For the last several years, we have lived in a world where the economic stakes for a major insurance failure have become too large to ignore. When AIG imploded in September 2008, kicking off a global financial meltdown that in turn has become the Great Recession, it revealed to all the risks we run by pairing a diverse and yet intertwined financial services industry with a porous, patchwork system of regulatory powers to oversee the whole thing. I have repeatedly called out the National Association of Insurance Commissioners for its relentless support of a state-based regulatory model that does not do nearly enough to protect consumers, and which is the ultimate go-along, get-along game, with regulators taking their cues from the regulated, many of whom they once worked for and intend to work for once again when they leave their governance post.
Some of my colleagues have chided me for this, especially when I say that the NAIC’s failure to oversee insurance companies holistically helped to contribute to AIG’s catastrophe. The NAIC is just there to overlook insurance, I am told. True, but a lot of insurance companies are more than insurance companies, and it does no good to regulate one half of them if the other half is going buck wild and creating risks that threaten the entire operation and those who do business with it. Saying your mission is only to look at insurance and washing your hands of the AIG fiasco is like being the lookout on the Titanic and saying that your job was only to look for other ships, not icebergs.
With this in mind, I draw your attention to a press release I received from the American Insurance Association yesterday. The AIA, of course, is a powerful voice for insurance lobbying, and unsurprisingly, it applauded Oklahoma’s signing of a “self-audit privilege bill” that essentially hands over to insurers the responsibility of determining for themselves if they are in regulatory compliance or not. This is like letting my nine-year-old son determine whether his room is really clean.
What’s worse, the rule allows for insurers to report to the state board of insurance if they are not in compliance with regulations, but confidentially. In what way does it serve the consumer for insurers to have the privilege of keeping their compliance shortcomings concealed from the public? This is the recipe for a no-transparency environment in which nothing good can happen. Indeed, there is something to be said for the industry’s own financial acumen, and when you look at the age-old struggle between insurers and regulators to set appropriate reserves, you do feel for insurers who are hamstrung by overly zealous regulations. But for Oklahoma to simply wash its hands of regulatory responsibility in this manner is more than a gimme to the industry, and more than a suggestion that lobbying efforts have been successful in that state. It is simply irresponsible.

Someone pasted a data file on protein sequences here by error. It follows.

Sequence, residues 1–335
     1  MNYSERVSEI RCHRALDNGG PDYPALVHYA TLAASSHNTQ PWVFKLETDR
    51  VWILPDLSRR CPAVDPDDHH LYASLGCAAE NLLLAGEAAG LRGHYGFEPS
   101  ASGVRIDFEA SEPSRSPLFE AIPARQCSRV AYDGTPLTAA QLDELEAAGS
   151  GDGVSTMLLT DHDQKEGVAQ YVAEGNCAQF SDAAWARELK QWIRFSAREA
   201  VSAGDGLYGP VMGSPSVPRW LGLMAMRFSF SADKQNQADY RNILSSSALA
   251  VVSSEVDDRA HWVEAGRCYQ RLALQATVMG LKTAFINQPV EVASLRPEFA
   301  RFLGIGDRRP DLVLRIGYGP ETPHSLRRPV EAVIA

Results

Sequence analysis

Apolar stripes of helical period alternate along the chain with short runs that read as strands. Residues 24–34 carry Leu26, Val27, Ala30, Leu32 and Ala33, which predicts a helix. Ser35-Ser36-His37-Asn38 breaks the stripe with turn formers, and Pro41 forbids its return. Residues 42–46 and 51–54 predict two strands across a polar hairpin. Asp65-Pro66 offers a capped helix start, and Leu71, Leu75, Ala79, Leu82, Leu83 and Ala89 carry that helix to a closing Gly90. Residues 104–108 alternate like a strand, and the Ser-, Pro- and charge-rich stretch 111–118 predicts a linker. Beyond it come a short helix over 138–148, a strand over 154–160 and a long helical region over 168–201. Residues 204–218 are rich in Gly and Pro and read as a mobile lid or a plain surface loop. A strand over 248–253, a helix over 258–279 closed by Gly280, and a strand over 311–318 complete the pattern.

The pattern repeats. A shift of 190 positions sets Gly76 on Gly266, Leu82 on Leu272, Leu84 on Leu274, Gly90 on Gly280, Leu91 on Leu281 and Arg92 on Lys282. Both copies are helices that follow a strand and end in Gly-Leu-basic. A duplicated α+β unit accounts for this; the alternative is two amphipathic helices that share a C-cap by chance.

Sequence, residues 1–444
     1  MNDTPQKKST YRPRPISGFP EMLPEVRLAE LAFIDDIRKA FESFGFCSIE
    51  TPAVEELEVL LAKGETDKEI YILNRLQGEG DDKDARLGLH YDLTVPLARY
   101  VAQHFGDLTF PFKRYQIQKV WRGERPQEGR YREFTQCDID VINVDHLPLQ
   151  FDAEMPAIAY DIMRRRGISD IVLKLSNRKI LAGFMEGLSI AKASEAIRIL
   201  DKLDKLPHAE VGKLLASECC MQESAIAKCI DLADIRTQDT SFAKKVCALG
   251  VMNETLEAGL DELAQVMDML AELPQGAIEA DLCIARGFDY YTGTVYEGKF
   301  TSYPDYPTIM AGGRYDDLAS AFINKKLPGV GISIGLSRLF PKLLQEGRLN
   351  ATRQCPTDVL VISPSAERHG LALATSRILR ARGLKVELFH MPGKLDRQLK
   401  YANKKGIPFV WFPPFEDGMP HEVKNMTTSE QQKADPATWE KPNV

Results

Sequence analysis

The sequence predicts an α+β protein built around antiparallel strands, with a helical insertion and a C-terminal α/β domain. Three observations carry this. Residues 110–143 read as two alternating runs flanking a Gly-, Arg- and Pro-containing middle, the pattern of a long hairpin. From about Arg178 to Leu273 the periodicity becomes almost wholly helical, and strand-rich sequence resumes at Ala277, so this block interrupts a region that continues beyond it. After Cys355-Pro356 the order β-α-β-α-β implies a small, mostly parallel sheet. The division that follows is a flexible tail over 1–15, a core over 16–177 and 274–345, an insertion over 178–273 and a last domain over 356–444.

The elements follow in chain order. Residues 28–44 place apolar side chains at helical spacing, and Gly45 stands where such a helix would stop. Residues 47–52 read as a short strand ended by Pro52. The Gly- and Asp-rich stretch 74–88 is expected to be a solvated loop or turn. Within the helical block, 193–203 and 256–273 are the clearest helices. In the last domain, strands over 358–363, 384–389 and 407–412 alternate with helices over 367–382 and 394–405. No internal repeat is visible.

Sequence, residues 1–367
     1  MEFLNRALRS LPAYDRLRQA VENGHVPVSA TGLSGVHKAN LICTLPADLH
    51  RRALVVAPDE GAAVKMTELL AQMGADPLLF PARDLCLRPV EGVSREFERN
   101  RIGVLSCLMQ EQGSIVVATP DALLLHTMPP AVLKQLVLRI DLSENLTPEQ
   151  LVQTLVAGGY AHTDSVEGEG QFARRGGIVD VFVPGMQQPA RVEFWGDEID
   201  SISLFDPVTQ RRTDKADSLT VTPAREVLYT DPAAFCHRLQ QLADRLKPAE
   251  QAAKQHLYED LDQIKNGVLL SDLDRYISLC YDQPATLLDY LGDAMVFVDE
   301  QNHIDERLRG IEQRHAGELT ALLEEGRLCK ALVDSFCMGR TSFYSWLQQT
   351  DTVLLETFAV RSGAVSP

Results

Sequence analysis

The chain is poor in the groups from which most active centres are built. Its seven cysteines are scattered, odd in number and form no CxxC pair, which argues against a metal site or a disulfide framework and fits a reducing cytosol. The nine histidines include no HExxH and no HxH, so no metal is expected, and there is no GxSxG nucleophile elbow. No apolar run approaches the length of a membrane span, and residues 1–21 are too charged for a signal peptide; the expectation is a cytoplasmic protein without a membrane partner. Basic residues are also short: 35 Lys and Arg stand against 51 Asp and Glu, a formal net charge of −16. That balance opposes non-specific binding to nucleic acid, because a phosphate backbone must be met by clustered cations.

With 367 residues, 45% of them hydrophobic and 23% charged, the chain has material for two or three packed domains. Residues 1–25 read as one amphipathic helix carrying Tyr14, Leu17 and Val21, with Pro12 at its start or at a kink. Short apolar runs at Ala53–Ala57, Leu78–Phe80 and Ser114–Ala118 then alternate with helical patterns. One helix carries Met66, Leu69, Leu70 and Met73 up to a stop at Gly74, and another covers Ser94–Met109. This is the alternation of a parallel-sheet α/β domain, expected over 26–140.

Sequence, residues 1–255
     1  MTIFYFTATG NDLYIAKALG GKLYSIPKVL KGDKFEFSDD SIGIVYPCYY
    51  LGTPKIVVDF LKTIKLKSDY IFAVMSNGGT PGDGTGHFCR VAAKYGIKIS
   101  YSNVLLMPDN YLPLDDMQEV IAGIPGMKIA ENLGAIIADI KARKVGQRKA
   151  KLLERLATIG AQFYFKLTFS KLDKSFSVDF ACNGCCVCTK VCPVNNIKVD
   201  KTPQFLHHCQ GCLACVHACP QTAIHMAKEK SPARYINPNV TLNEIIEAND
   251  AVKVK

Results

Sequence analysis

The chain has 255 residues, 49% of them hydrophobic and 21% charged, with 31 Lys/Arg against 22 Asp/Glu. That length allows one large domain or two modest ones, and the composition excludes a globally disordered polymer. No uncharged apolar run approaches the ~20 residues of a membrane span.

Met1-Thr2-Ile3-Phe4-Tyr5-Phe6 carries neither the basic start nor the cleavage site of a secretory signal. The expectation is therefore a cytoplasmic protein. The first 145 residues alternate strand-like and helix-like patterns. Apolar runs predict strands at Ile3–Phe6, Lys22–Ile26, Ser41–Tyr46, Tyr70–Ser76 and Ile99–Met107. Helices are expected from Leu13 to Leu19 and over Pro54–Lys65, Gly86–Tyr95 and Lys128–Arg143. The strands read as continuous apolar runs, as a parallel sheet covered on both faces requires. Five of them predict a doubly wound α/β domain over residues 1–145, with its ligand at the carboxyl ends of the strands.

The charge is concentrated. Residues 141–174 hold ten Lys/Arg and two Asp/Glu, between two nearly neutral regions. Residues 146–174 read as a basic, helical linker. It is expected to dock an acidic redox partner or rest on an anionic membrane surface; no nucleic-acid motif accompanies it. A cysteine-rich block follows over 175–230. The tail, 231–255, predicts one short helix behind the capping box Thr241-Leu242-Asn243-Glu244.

I mentioned this on my Facebook feed, and kicked off an interesting conversation about the nature of government regulation. One friend of mine noted that it was strange that people would get upset over this if they didn’t live in Oklahoma. It was like getting upset over Oregon’s gun laws if you lived in North Carolina. Except that the comparison doesn’t really hold up.
There is a systemic nature to insurance that makes the regulation of any given company only as strong as the weakest link in the chain. And with this new self-auditing rule, Oklahoma has become a weak link, indeed. Why not re-domicile in Oklahoma and take advantage of what appears to be a regulatory environment that consists of little more than pinkie swears that everybody will maintain best practices and that nobody will get too aggressive with unsound financial strategies?